June 20, 2003
Ten current Wahoos will continue play this weekend in the United States Field Hockey Association's Summer League as the regular season draws to a close. The Tidewater Tempest features six Cavaliers while the Philadelphia Fury boasts four Hoos. These two teams, along with the other six teams in the league, will compete for semifinal spots in the championships,which will take place July 4-6 at the US National Training Center in Virginia Beach.
Upperclassmen Emily White, Katie Jo Gerfen, and Juli Bojanic are all on teams, as are goalkeepers Katherine Blair and Logan Carr. Five rising second years are also on teams, including Lindsey Selfridge, Biffy Cornelison, Alison Flynn, Sarah Miller, and Dana Anderson. White, Gerfen, Blair, Carr, Selfridge and Cornelison play for the Tempest while Flynn, Bojanic, Miller and Anderson are all members of the Fury.
Michelle (Vizzuso) Crawford is also playing in the league and is a member of the league-leading Southern Charm.
The Fury open play against the Charm at 8:00 am on Saturday, June 21. Tempest start play at 9:05 am later that day.
Designed to allow a large number of elite level athletes the opportunity to play against high-calibre competition, the Summer League provides athletes with highly competitive playing opportunities in order to create a consistent, high level of performance for US teams at the Olympic and Pan American Games.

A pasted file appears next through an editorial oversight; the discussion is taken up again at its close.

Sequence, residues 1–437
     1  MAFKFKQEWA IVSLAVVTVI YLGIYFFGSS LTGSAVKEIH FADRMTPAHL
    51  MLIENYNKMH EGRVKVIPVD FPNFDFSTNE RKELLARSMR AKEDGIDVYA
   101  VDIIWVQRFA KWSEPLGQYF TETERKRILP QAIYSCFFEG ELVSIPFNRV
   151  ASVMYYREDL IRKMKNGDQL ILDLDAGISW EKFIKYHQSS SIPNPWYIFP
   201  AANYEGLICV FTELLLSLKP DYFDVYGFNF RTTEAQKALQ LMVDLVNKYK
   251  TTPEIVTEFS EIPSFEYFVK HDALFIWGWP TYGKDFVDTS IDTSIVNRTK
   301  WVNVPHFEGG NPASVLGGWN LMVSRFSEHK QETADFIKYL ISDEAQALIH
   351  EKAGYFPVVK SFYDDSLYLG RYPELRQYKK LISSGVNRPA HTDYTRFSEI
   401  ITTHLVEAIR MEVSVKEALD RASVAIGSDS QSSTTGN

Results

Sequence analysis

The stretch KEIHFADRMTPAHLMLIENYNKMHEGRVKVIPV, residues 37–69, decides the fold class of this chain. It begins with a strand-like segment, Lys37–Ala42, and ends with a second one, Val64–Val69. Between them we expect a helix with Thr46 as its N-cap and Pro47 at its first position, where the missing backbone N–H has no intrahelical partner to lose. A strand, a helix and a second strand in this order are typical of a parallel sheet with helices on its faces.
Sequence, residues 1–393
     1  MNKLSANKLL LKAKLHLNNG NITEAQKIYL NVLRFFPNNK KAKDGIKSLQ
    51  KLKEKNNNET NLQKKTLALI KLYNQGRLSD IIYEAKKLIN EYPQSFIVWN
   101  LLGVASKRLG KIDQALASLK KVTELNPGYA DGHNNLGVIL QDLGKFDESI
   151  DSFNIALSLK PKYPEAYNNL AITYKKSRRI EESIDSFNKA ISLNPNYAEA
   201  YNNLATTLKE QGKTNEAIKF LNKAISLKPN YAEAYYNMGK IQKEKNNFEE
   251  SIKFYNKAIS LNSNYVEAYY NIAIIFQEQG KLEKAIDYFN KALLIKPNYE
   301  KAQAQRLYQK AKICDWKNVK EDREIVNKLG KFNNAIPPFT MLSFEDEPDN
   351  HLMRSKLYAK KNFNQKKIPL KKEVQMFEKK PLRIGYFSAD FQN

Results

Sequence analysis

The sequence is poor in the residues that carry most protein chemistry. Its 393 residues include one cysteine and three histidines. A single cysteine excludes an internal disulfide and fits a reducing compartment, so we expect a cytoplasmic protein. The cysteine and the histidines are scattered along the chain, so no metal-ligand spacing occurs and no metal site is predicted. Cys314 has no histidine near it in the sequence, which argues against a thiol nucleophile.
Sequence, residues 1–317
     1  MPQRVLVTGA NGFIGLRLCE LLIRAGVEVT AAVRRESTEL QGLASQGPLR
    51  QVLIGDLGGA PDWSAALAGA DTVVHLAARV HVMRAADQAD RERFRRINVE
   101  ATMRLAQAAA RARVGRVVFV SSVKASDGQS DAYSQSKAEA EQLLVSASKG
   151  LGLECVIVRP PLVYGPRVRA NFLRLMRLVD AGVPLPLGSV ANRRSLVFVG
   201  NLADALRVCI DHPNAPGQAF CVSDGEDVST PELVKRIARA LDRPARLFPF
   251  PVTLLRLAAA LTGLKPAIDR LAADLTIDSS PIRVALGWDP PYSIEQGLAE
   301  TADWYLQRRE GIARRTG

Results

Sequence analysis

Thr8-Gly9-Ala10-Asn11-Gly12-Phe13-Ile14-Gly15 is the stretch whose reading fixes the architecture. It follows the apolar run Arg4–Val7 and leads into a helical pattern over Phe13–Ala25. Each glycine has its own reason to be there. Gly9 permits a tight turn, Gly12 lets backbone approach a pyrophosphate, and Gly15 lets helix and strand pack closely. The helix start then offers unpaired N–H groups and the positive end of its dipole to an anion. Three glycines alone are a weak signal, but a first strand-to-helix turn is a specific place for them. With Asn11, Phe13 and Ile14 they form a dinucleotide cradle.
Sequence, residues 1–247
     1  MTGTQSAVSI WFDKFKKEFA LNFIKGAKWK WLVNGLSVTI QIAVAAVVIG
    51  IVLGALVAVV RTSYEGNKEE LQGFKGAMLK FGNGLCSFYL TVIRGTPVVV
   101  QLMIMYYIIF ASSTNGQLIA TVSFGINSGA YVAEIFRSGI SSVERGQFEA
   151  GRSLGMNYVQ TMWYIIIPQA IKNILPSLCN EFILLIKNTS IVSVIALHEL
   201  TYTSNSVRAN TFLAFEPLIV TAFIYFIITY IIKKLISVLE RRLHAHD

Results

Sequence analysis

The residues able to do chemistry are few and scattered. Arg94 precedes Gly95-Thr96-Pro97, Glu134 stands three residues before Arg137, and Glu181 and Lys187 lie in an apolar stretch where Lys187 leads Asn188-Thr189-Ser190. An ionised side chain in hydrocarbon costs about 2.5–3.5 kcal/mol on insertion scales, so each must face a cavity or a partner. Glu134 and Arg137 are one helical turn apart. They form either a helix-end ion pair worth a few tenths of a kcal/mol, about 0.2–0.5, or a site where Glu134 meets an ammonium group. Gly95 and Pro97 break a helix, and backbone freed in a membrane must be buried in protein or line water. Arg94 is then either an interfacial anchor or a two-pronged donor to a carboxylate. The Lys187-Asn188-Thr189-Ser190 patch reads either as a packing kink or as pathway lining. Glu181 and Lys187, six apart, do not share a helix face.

Far from just a lazy summer day in the park, the summer league is a fervent festival of intense competition as players look to continue their progression in the U.S. Field Hockey Association's Elite Team Development program.
The summer league features seven franchise teams from regions in the East and Midwest. League teams play a double round-robin schedule culminating in the semifinals and championship game.
The league features the Metro Rush, Midwest Cyclones, New England Eclipse, Pensylvania Pride, Philadelphia Fury, Southern Charm, Tidewater Tempest and the USA Under-20 team.
In the summer league, elite players of all ages compete together and are not divided by age group. As a result, the organization of the league allows for high school standouts as young as 16 to compete on the same turf as veteran U.S. Olympians and collegiate all-Americas.